Dyna ignition booster

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Burkey
Posts: 3
Joined: Fri Jul 13, 2007 8:09 pm
Bikes: 55 FLE Pan 26 flat Head 35
51 pan FL 1918 mod j twin
54 G Flat Head 29 single 500cc
Location: Gray east tenn

Dyna ignition booster

#1

Post by Burkey » Mon Aug 23, 2004 9:15 pm

What can you guys tell me about it. I was thinking of one to add to my points. I was told sparkvoltage rise time 50% faster for more efficient combustion. has some one tried this Dyna booster out is it good or bad.



kell
Posts: 404
Joined: Sat Jun 19, 2004 2:58 am

Re: Dyna ignition booster

#2

Post by kell » Thu Aug 26, 2004 12:58 am

I can make a unit that you can install at the coil, which is how I have been making them. But like I mentioned in the classifieds posting you can also install it underneath the breaker plate -- assuming you have a separate breaker, not a cone-side engine -- this is the better choice; the circuit will have protection from the weather and be hidden. Send me a message letting me know which kind of installation you will do and your address so I can send you one with full instructions.

2dogs
Posts: 34
Joined: Thu Jul 12, 2007 4:13 pm
Bikes: 1963 FL motor in 1965 frame with an assembly of other old and replica parts.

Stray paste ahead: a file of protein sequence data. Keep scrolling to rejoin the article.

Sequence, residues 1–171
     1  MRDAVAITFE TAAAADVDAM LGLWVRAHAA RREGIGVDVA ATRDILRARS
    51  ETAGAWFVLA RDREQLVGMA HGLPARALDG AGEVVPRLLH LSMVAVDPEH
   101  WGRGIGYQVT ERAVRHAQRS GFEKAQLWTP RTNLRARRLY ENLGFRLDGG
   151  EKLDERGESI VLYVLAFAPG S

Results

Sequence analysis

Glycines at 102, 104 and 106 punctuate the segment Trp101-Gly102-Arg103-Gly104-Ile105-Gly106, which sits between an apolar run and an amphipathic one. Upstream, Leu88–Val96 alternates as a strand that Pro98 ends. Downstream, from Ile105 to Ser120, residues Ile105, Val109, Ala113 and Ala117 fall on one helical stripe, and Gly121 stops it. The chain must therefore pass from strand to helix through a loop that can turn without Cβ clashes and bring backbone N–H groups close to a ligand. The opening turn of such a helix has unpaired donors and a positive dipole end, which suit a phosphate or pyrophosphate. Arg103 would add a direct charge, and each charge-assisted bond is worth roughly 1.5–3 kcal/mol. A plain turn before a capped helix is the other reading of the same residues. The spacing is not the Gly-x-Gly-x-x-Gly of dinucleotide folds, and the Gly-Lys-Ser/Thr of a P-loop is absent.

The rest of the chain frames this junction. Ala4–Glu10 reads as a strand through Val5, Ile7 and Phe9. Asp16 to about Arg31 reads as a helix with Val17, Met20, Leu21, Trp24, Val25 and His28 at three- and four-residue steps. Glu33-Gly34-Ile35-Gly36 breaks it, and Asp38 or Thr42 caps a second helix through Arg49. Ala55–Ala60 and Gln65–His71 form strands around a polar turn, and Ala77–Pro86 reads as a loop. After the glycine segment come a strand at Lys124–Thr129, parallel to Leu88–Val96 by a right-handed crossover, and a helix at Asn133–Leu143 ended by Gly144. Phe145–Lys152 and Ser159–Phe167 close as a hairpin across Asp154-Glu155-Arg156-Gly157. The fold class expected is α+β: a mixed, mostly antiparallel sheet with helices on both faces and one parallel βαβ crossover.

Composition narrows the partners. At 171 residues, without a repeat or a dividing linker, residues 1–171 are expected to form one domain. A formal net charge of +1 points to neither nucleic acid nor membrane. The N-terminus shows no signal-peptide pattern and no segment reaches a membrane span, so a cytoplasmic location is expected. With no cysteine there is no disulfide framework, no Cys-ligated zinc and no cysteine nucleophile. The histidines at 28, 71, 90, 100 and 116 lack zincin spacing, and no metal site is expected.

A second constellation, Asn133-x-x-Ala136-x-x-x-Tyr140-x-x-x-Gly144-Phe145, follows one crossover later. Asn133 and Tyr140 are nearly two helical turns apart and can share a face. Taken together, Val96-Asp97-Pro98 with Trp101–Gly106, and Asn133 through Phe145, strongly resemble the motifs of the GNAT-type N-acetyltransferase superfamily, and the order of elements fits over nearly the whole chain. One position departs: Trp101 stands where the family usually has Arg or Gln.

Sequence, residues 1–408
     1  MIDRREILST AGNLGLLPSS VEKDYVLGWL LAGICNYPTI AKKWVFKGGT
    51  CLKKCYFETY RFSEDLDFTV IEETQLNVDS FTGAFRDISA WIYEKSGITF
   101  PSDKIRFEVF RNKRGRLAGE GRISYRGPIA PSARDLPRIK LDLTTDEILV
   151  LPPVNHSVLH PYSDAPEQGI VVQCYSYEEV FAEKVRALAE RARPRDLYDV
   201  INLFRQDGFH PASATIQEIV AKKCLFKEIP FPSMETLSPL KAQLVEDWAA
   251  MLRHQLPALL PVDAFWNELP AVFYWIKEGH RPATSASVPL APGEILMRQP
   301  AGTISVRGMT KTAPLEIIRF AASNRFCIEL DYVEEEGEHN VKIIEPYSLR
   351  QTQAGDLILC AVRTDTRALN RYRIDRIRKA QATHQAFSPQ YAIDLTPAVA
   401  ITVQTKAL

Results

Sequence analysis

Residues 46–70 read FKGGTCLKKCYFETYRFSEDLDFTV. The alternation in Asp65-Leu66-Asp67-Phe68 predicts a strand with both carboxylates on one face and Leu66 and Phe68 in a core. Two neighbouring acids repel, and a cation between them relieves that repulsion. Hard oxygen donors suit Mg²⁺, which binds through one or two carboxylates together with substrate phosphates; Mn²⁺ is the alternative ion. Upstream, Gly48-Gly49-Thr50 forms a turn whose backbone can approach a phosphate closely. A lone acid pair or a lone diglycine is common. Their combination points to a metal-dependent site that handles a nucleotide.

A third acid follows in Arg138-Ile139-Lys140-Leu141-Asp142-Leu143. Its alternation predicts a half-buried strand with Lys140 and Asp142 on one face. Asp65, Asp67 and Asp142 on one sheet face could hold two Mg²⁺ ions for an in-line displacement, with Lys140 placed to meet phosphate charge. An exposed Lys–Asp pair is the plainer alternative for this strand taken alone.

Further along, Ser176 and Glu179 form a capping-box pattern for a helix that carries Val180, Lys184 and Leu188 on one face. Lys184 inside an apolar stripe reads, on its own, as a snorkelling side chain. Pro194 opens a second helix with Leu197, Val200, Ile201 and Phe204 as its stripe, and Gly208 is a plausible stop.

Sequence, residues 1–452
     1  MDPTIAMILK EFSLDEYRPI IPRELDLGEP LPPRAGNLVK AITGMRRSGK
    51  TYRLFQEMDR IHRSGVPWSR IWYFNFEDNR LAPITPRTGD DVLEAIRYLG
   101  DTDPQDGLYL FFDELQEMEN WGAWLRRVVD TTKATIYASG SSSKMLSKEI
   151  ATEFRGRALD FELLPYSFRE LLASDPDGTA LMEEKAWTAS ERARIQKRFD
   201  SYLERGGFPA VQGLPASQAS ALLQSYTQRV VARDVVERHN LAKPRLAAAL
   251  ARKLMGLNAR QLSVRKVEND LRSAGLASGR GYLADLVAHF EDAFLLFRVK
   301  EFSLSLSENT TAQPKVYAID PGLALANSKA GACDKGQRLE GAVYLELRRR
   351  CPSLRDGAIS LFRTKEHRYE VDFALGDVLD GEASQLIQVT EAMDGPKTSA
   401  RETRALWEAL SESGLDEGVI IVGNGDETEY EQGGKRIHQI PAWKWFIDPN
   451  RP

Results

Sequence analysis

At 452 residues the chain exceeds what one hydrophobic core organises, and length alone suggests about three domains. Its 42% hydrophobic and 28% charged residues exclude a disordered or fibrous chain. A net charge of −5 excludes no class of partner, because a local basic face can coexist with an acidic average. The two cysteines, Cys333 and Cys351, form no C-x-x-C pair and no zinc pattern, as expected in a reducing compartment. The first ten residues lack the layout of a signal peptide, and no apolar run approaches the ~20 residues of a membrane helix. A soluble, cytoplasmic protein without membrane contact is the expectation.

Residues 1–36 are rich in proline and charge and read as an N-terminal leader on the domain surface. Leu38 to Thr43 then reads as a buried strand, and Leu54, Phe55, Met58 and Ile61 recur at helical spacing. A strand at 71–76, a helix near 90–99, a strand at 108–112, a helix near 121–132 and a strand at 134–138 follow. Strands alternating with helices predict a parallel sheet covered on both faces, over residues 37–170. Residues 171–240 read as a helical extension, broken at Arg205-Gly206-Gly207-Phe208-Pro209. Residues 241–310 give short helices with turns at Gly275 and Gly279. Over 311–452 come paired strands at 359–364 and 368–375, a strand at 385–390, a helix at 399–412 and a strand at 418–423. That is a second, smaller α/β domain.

Location: Western Colorado

Re: Dyna ignition booster

#3

Post by 2dogs » Fri Aug 27, 2004 10:47 pm

kell: I have converted this '63 basket case to 12V running a 1965 auto advance circuit breaker and a 4.2ohm Thunderbolt coil from CCI. I've started the engine but not ridden it as it still needs wheels and more work.

Would your spark amplifier be appropriate here if I stay with the points type breaker? Did I read that you are also building and selling solid state breakers?

moses@frontier.net

kell
Posts: 404
Joined: Sat Jun 19, 2004 2:58 am

Re: Dyna ignition booster

#4

Post by kell » Sat Aug 28, 2004 4:06 pm

If you want to stay with points but add a "spark amplifier," my circuit should fit the bill. I've just got a couple of things to say about it.
* The circuit, while it saves the points, won't really do anything to boost performance unless you change to a three ohm coil.
* I was offering two options: installing it at the coil or installing inside the breaker; however, during recent testing some transistors in the breaker installation have failed, probably because of engine heat. So I'm dropping the in-breaker installation option.

As for your question about building breakers,
I don't build new breakers but I have developed a mod for the manual advance breaker that replaces the points with magnetic sensing: a true electronic ignition. I haven't done this mod on an auto-advance breaker because I haven't got my hands on one yet.

2dogs
Posts: 34
Joined: Thu Jul 12, 2007 4:13 pm
Bikes: 1963 FL motor in 1965 frame with an assembly of other old and replica parts.
Location: Western Colorado

Re: Dyna ignition booster

#5

Post by 2dogs » Mon Aug 30, 2004 1:44 am

kell: "It's a switched transistor that runs the coil. The points are only there to tell the transistor when to turn on and off, and the transistor deals with the heavy current and voltage from the coil."